My Personal Ode to Pomegranates.
This is my breakfast. It is my favorite food at the moment. Okay, it doesn't look so good in that picture. But do not be deceived by my breakfast's meager looks. It is AWESOME.
Sometimes I think I have a love affair with a certain kind of food – for a while it was Snappy Tom – that spicy tomato juice. I had to have it every day, every single day. I thought about my Snappy Tom when I wasn’t home and I looked forward to that rush of spice and tomato hitting my tongue. Then I began to have Snappy Tom several times during the day and the spices were so intense I began to be unable to taste any other food. Everything began to taste like Snappy Tom. You couldn’t have a glass of Snappy Tom and then have a bowl of cereal, for example. Your whole mouth was all Snappy Tom. Eventually I longed for other tastes, and so inevitably, one day, I broke up with Snappy Tom.
And I didn’t partake in him for months.
And then, slowly, he made his way back into my life. And we developed a more casual, realistic relationship – a Snappy Tom every once in a while when I was in the mood. It was never like it was at the beginning between Tom and me, but still – we found a way to be together in a more sustainable way. And it was like Snappy Tom and I would remember the old days, the days when I was obsessed with Snappy Tom. Sometimes I found myself chuckling as I poured a glass, thinking: “Remember when I was in a panic if I was out of Snappy Tom? Oh Tom, that was just nuts!” Or now, I order Snappy Tom on the plane and I shake my head – oh…Tom. Tom!
There were others, naturally. Fresh nine grain bread, bagel bread with blue cheese and tomatoes. And then, just…tomatoes. My neighbor grows tomatoes and when they are ripe I have a tomato sandwich every single day. I look forward to it – lunch today – dinner the next, and some days I have it for lunch and dinner! The tomato and fresh mayonnaise and fresh bread, a dash of salt and if I’m in the mood, pepper, and oh! During the rest of the year, I avoid tomatoes. None of them are as good as fresh – you can’t go back! You look at these stale, pale red, globs and think: they are selling these as -- tomatoes? There is no comparison with a fresh tomato just picked!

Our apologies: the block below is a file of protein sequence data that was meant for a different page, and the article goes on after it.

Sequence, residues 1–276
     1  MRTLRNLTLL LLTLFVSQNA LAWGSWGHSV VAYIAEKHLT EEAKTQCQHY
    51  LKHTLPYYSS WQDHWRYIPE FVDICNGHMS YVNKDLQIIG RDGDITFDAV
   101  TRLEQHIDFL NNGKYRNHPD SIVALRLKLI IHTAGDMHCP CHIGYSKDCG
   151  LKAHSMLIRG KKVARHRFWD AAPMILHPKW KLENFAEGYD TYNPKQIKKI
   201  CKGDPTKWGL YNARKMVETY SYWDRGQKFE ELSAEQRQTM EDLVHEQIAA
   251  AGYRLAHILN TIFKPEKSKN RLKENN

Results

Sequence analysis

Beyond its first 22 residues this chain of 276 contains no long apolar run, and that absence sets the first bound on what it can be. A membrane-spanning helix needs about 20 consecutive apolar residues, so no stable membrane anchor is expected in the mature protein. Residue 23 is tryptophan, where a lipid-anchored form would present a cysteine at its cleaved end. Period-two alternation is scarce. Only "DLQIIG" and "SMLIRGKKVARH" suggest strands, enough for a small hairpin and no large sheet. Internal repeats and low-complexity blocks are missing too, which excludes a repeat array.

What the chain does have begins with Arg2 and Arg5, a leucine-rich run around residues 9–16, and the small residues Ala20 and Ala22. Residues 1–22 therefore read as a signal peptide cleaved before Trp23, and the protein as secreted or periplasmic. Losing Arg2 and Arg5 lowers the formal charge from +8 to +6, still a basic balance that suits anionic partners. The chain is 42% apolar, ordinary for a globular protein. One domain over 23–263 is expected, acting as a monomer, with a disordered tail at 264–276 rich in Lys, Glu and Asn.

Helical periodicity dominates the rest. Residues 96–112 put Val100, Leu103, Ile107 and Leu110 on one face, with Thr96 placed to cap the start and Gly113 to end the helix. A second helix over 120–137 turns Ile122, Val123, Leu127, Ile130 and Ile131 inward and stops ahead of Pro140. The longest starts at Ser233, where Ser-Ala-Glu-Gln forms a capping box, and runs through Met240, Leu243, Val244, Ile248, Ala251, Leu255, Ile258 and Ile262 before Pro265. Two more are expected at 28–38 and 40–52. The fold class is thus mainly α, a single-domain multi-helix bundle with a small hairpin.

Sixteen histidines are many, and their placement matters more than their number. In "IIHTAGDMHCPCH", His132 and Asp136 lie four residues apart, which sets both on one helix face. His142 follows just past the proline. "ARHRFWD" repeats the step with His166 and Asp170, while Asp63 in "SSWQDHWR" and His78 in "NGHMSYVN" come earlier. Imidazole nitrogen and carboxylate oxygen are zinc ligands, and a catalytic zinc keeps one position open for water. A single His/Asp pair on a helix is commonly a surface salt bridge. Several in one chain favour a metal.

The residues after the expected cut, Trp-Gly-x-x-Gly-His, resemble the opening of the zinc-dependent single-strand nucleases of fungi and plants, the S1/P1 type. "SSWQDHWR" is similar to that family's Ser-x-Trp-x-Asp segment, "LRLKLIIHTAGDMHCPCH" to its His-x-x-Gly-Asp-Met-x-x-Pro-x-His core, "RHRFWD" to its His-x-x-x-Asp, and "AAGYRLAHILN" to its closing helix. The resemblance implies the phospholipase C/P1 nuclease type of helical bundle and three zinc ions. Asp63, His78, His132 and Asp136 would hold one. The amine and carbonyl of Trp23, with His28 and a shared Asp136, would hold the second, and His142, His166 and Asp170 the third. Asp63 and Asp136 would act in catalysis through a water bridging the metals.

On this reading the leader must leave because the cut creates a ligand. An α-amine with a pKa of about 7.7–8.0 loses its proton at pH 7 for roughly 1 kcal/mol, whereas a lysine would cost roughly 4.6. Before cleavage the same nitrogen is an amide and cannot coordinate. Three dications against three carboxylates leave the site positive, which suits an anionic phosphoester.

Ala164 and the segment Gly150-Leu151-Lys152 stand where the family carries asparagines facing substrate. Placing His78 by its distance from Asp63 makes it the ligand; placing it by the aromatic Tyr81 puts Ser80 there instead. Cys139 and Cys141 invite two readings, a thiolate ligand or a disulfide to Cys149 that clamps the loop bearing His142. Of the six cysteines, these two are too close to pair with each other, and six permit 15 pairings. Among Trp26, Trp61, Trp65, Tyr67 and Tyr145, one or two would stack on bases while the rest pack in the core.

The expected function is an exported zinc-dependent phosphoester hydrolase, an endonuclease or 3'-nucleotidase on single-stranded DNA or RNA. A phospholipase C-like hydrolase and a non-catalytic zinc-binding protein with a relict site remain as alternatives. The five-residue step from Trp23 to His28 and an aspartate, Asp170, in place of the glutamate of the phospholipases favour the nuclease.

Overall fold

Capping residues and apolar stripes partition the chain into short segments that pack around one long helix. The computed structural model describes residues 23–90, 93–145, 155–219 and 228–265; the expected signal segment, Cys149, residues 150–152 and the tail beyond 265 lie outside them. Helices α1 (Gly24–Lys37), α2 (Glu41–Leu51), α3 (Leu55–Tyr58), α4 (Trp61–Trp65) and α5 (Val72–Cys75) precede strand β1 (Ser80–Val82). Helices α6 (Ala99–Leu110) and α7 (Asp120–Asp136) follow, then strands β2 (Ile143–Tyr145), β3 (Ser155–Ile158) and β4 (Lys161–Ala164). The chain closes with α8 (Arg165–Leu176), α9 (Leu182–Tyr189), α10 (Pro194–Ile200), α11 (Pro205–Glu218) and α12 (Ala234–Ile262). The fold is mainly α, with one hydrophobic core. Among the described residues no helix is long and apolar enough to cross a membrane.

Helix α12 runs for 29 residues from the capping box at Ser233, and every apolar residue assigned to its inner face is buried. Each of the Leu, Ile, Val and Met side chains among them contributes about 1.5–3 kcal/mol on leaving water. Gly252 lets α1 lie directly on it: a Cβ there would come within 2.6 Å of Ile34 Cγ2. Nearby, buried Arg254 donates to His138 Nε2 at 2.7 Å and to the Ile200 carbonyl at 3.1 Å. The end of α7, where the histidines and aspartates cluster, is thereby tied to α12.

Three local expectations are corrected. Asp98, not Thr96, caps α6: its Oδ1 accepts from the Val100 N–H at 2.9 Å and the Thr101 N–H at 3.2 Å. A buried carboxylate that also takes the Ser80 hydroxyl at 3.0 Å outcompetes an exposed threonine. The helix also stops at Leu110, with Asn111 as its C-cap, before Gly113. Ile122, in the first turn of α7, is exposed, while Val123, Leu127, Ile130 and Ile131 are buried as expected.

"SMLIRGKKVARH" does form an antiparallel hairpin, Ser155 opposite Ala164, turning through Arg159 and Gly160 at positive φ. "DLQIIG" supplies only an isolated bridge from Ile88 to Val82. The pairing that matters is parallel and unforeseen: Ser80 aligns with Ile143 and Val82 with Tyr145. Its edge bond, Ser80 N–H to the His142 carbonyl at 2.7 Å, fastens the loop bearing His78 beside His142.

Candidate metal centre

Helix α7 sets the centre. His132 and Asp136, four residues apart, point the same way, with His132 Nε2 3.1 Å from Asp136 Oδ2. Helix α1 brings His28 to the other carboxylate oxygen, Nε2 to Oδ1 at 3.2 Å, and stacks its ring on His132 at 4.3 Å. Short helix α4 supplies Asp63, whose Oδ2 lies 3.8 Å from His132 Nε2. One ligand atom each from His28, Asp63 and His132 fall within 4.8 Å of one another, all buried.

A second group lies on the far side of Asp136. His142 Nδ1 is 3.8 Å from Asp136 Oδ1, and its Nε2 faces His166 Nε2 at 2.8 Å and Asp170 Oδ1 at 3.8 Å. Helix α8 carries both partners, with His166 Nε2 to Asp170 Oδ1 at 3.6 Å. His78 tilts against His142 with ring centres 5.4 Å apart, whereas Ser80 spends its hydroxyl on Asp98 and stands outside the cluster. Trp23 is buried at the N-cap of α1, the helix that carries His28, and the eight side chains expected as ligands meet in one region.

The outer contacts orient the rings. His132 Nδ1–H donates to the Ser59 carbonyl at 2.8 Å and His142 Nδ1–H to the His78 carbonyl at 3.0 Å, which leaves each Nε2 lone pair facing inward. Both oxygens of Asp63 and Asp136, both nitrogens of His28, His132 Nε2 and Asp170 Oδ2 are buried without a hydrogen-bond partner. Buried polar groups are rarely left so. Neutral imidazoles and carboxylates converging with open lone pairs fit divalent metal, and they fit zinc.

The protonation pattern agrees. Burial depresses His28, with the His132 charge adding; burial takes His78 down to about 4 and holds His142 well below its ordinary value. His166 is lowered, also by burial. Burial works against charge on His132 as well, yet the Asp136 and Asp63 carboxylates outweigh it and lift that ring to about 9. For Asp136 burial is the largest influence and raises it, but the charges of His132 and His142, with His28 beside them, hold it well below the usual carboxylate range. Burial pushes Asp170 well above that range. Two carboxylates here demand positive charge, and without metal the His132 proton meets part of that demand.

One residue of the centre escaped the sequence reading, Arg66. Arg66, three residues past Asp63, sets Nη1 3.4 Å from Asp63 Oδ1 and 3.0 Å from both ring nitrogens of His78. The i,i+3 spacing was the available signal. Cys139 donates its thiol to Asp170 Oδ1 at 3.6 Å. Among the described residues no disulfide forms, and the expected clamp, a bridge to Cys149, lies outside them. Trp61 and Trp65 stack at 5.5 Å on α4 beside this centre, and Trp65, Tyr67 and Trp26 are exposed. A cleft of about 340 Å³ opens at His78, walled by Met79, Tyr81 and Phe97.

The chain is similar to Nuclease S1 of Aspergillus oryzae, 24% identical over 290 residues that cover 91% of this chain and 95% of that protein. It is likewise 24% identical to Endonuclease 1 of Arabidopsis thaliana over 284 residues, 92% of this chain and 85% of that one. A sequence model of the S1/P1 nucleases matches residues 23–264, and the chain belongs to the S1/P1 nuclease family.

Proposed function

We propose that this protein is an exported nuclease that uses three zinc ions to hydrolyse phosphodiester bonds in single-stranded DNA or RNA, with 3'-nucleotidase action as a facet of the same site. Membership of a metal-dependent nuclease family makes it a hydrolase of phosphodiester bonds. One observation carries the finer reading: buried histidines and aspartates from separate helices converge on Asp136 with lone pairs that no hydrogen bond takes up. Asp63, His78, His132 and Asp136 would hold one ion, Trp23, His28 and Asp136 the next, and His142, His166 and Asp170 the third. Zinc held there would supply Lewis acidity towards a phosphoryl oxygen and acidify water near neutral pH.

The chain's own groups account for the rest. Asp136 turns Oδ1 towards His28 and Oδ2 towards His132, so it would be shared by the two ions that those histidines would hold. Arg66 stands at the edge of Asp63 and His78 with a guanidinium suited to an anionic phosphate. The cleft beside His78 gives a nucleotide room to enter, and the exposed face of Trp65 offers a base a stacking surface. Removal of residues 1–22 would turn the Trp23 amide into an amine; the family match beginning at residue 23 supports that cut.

So, this winter, I have become obsessed with Pomegranates. My dear friend Julia, who is not me, but another person, who lives a couple of blocks away, came over one day with a grocery bag. Inside was low fat cottage cheese, a papaya, some pecans, some toasted sliced almonds, and…a pomegranate. She looked me deeply in the eyes and said in hushed tones, “Prepare yourself. Get ready to ROCK YOUR WORLD.” And then she handed me the brown paper bag. It was like she was handing me contraband: heroin, hullucinogenic mushrooms, pornography. "It just came to me, this recipe," she said. I love that. How it "came to her", the recipe sought her out, somehow. It's like when the Irish say, "The thirst, it came upon me!"
So, this is the basic recipe: 1/2 cup of cottage cheese, a quarter of a ripe papaya, two tablespoons of toasted sliced almonds, and a tablespoon of chopped pecans. Then, about a half of a fresh pomegranate. It takes a while, the pomegranate takes twenty minutes to cut up and get the seeds out. But I listen to the news on the radio and sip my coffee.
While I pick apart the pomegranate, I think about all things pomegranate. I think about being in Greece in my travels after college and seeing the locals – I think this was when I was on the Island of Santorini, and they would eat the pomegranate like it was an apple, well, they would break it open, so that part wasn’t like an apple, But they would just eat into it, even the white film around the vesicles of seeds and the juice would run down their faces and they looked like they were bleeding to death, but they were smiling ear to ear. I wasn’t so into pomegranates then. I was worried I would get red pomegranate juice all down my shirt and I didn’t want to have to wash it and plus, the people looked positively mad while they ate them. Oh, how little I understood pomegranates then…